The HomeShare Coordinator, along with trained volunteers, explores potential matches with appropriate home seekers through a careful screening process that includes visits to the homeowner’s home, personal interviews and individual introductions, and follow-up contacts to ensure a successful experience for both home providers and home seekers.
For more information, contact Ryan Cowmeadow at (734) 998-9345.
Housing Counseling Program
The Housing Counseling Program helps older adults in the area consider their housing and health care choices when they are thinking about staying in their own home or moving into new living arrangement. We work with you and your family to evaluate housing and health care alternatives that take into consideration such factors as your personal values, your need for care, safety, privacy, social connections and transportation, as well as affordability.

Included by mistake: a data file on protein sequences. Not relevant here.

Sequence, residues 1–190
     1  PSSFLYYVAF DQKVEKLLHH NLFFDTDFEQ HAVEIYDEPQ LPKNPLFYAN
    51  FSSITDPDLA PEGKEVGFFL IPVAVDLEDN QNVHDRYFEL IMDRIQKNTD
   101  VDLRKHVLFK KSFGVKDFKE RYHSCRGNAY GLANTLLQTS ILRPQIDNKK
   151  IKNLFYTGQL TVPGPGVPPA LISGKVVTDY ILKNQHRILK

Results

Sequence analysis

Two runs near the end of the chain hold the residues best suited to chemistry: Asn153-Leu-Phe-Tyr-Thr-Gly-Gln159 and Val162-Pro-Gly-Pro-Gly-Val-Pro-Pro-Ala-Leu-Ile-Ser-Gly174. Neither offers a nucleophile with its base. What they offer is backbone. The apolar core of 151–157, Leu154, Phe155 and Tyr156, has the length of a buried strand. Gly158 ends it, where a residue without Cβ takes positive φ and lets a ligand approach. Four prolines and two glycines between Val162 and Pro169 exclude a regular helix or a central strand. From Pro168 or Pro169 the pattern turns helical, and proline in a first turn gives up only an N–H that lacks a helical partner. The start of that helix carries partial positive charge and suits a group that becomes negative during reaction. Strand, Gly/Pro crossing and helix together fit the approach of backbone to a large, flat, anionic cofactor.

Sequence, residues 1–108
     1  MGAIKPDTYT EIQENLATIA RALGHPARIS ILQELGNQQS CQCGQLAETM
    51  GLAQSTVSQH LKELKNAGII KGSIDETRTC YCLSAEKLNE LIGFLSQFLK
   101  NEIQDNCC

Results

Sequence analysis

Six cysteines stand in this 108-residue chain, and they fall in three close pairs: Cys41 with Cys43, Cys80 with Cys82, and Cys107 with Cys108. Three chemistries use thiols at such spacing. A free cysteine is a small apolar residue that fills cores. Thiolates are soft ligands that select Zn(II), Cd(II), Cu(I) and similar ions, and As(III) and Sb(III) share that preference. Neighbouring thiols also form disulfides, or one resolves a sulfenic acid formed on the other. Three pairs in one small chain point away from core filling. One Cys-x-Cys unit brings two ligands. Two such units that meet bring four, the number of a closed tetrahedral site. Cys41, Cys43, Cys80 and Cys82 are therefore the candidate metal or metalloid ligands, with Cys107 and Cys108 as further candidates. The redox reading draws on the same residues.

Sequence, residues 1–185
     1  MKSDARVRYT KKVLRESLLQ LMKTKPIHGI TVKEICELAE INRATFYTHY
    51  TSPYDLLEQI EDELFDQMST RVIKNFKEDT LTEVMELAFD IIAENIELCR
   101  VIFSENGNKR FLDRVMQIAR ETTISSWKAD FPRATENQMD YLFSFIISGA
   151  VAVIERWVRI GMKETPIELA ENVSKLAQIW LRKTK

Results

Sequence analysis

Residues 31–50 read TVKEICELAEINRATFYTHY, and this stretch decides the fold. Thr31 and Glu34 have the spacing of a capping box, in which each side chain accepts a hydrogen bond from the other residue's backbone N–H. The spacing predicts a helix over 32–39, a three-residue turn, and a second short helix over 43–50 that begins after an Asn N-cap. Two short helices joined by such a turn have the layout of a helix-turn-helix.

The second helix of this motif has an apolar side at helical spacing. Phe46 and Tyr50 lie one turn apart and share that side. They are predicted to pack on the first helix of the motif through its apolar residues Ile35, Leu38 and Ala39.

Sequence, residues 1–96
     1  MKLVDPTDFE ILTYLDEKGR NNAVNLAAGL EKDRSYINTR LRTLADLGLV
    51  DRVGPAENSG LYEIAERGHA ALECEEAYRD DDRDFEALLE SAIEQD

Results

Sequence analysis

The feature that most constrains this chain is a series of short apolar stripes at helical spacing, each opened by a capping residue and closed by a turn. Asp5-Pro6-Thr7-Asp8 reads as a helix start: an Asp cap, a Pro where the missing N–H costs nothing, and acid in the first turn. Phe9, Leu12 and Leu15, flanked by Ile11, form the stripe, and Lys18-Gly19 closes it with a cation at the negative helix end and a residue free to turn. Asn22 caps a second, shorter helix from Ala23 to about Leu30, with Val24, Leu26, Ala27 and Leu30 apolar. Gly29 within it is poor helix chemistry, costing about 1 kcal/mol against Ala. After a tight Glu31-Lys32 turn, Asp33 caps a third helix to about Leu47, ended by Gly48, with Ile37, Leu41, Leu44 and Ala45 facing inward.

We offer resources and options for staying in your home as well as living and care options that are available in senior housing communities. Counseling and information is offered on:
maximizing home options for your living (home modification, home repair and weatherization, downsizing resources, emergency response systems, fall risk prevention and home safety, understanding the difference: in-home care and skilled home health care services, understanding reverse mortgage, respite care for day time needs and overnight stay)
senior independent living communities (low-cost senior housing, retirement residences)
assisted living care (adult foster care, homes for the aged, memory care communities)
nursing homes (all age communities, active living lifestyles for 55+, cooperative housing, manufactured homes, market rate and subsidized apartment complexes, public housing and Section 8 Voucher Program, tips for long distance caregiving)
For more information or to schedule an appointment, contact Justine Bykowski, M.A. at (734) 998-9346.